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Cyprus Education

Cypriot teachers assess students more often than OECD average

Cypriot teachers assess their students’ progress more often than the average rate within Organisation for Economic Co-operation and Development (OECD) countries, a study revealed on Tuesday.

According to the latest OECD Teaching and Learning International Survey (Talis), in Cyprus 88 per cent of teachers routinely assess their students’ progress by observing them and providing immediate feedback, higher than the OECD average of 79 per cent.

At the same time 87 per cent of teachers report administering their own assessments to students, 10 percentage points higher than the OECD average. But they are three points lower than the 41 per cent average as regards letting their students evaluate their own progress.

The aim of Talis, a worldwide evaluation that uses questionnaires administered to teachers and their school principals to gather data, is to generate internationally comparable information relevant to developing and implementing policies focused on school leaders, teachers and teaching.

The international target population for Talis is lower secondary teachers and their school leaders in mainstream public and private schools. In Cyprus, 1,611 lower secondary teachers and 88 principals completed the Talis questionnaires.

The survey also showed that in Cyprus teachers are on average 45 years old, which is slightly higher than the average age of teachers across OECD countries and economies participating in Talis, which is 44 years old.

According to the study, 35 per cent of teachers in Cyprus are aged 50 and above which means the country will have to renew about one out of three members of its teaching workforce over the next decade or so. The OECD average is 34 per cent.

During their initial education and training, 68 per cent of teachers in Cyprus were instructed on subject content, pedagogy and classroom practice – a share that is lower than the Talis average of 79 per cent.

Around one in three teachers in Cyprus report having participated in some kind of formal or informal induction training when they joined their current school, compared to the 42 per cent of teachers across OECD countries and economies.

In terms of classroom environments, the study said, relations between students and teachers are positive overall, with 93 per cent of teachers in Cyprus agreeing that students and teachers usually get on well with each other.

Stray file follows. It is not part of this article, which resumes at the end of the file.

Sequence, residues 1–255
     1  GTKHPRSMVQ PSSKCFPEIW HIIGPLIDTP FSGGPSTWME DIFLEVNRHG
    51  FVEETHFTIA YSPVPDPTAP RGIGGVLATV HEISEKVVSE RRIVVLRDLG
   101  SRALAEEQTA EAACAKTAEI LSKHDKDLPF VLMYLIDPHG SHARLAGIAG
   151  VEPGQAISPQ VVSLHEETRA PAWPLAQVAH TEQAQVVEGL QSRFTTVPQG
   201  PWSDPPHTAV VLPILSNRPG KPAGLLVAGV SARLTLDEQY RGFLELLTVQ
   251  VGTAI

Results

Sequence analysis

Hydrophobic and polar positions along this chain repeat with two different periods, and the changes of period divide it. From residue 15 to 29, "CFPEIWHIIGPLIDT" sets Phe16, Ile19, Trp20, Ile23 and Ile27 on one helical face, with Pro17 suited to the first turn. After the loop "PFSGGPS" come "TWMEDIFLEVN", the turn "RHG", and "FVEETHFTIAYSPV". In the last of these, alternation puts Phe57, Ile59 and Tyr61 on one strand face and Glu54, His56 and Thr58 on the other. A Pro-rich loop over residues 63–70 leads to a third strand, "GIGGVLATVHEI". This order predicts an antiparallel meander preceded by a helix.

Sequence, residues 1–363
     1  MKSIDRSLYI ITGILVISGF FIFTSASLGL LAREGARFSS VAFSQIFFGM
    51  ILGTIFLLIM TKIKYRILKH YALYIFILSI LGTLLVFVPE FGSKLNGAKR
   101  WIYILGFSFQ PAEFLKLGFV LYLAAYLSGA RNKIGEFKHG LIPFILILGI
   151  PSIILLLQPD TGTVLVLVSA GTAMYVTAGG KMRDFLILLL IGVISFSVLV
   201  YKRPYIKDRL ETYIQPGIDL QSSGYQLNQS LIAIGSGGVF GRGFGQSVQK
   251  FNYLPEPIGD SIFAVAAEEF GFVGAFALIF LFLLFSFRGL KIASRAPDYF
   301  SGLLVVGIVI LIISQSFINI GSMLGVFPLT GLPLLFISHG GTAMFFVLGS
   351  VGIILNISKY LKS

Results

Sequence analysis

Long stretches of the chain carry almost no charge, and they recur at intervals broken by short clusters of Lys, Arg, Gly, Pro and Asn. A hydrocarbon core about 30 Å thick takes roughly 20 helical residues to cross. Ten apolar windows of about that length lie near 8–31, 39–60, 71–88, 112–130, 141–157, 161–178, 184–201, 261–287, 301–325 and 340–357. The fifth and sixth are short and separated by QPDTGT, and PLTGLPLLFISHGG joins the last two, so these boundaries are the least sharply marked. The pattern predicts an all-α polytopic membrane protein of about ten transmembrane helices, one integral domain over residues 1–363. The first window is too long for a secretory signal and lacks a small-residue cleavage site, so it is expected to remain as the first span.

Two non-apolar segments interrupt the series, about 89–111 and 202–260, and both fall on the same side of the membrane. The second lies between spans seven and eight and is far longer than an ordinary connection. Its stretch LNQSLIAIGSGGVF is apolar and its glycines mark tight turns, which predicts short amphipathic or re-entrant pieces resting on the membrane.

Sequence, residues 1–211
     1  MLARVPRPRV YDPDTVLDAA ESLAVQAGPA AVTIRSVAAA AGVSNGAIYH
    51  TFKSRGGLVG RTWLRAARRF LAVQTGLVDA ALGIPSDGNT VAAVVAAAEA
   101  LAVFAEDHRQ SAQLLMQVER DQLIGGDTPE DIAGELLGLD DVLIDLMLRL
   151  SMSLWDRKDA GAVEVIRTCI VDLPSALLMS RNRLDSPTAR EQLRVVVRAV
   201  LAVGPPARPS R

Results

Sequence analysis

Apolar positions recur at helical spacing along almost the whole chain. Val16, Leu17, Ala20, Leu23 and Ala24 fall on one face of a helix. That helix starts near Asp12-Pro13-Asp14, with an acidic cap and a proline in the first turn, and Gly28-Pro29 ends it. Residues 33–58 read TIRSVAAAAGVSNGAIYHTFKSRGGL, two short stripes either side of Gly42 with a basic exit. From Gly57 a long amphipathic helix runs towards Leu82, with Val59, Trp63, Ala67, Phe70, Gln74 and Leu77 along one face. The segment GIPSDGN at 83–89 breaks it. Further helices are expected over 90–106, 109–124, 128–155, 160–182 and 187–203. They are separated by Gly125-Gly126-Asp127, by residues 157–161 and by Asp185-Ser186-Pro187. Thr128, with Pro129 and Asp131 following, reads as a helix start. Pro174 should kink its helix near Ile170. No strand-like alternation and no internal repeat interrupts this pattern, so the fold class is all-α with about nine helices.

However, 16 per cent of principals report regular acts of intimidation or bullying among their students, which is close to the OECD average (14 per cent).

In Cyprus, 23 per cent of teachers work in schools where at least 10 per cent of the students have a migrant background – OECD average is at 17per cent – while 98 per cent of school leaders report that their teachers believe that children and young people should learn that people of different cultures have a lot in common which is three points higher than the OECD average.

During a typical lesson, teachers spend 78 per cent of classroom time on actual teaching and learning on average in Cyprus, which is the same as the OECD average.

As regards classroom management, 84 per cent of teachers in Cyprus said they frequently calm students who are disruptive which is 19 points higher than the OECD average.

Some areas of professional development are still lacking, according to teachers, the study said.

Across the OECD, developing advanced ICT skills is one area in which teachers say that they need more training, along with teaching in multicultural/multilingual settings and teaching students with special needs. Among these three areas, teachers in Cyprus expressed a particularly high need for training in teaching students with special needs.

In Cyprus, 10 per cent of teachers work in classes with at least 10 per cent of students with special needs which is lower than the 27 per cent OECD average.

 



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